- Collaborative Requirements Gathering - By using a section in an OneNote notebook, project requirements can be captured and reviewed by the team. When finished the section can be saved to streamline the production of a final requirements document.
- Task Assignment and Tracking - OneNote can be used for simple task assignment through checklists. Notes and completion statuses are captured on the same page to provide the PM a real time view of work status and issues.
- Meeting Minutes - Creating a template to capture meeting minutes in OneNote makes them searchable, updatable for accuracy, and easily summarized for later reference.
- Team Member Reference - Team member reference information can be stored in OneNote including contact information, reference information, and relevant links such as LinkedIn profiles as needed.
- Templatized Project Process Steps - If your working on recurring or repeating projects a template in OneNote makes avoiding missed items and maintaining consistency of execution easier for the project manager and team members.
- Status Reporting - Status reports are the lifeblood of many projects and OneNote makes the process of gathering, composing, and distributing the status reports more efficient.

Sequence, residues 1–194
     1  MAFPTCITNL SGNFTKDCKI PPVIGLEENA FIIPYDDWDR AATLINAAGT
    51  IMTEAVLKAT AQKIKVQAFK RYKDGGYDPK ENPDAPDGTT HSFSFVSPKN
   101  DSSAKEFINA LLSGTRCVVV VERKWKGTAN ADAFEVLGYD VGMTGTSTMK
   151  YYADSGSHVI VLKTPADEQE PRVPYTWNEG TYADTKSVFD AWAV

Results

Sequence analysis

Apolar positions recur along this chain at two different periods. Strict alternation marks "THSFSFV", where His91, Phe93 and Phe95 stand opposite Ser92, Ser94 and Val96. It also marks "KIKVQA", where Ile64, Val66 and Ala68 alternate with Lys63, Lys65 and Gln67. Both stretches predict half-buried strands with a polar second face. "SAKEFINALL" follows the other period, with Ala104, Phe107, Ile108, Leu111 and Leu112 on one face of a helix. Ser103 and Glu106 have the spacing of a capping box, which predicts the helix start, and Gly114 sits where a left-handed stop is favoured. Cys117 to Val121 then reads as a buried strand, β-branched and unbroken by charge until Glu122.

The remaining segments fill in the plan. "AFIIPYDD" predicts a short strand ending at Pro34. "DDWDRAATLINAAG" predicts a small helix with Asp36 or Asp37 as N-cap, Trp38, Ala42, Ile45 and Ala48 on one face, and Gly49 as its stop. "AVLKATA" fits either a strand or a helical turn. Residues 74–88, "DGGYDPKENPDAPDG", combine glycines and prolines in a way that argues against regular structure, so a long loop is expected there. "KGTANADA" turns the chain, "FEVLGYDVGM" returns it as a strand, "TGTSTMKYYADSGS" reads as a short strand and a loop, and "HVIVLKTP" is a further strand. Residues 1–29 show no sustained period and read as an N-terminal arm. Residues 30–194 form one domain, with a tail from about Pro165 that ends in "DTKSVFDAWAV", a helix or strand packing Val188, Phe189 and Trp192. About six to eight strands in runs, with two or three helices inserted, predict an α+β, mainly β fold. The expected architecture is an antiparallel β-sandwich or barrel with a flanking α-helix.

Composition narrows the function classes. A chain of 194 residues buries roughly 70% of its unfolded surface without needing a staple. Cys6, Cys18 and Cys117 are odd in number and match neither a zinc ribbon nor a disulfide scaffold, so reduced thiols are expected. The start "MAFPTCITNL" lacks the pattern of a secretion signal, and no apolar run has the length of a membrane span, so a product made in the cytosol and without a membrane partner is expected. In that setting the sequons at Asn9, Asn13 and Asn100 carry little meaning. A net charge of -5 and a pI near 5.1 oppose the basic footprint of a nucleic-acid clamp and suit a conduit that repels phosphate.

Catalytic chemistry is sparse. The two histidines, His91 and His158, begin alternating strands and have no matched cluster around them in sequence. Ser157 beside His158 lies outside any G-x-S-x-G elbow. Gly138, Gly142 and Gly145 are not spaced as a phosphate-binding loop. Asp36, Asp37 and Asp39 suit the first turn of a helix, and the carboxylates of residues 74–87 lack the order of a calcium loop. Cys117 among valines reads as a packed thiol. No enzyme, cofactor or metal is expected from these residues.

- Project Information Archiving - Consolidating the project information into a OneNote notebook makes the process of archiving the project information after completion as simple as storing a single file (the OneNote notebook file, not an export, to be clear.). The notebook sections can also be exported as PDF files for permanent project records.
OneNote can be an invaluable tool for project managers when it comes to planning, collaboration, and tracking a project. Here are seven ways OneNote can be applied when it comes to project management:
This is just a small sample of the ways OneNote can assist when it comes to project management. If you have ideas or suggestions, please share them in the comments below.